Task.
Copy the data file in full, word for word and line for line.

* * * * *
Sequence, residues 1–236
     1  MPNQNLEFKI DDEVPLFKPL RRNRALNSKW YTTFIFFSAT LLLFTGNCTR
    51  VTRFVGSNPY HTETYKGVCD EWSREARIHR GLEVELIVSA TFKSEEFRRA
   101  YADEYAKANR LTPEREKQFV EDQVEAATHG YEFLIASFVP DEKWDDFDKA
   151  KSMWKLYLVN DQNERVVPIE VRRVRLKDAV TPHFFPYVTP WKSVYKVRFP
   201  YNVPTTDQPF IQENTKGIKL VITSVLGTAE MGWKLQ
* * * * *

Sequence, residues 1–236
     1  MPNQNLEFKI DDEVPLFKPL RRNRALNSKW YTTFIFFSAT LLLFTGNCTR
    51  VTRFVGSNPY HTETYKGVCD EWSREARIHR GLEVELIVSA TFKSEEFRRA
   101  YADEYAKANR LTPEREKQFV EDQVEAATHG YEFLIASFVP DEKWDDFDKA
   151  KSMWKLYLVN DQNERVVPIE VRRVRLKDAV TPHFFPYVTP WKSVYKVRFP
   201  YNVPTTDQPF IQENTKGIKL VITSVLGTAE MGWKLQ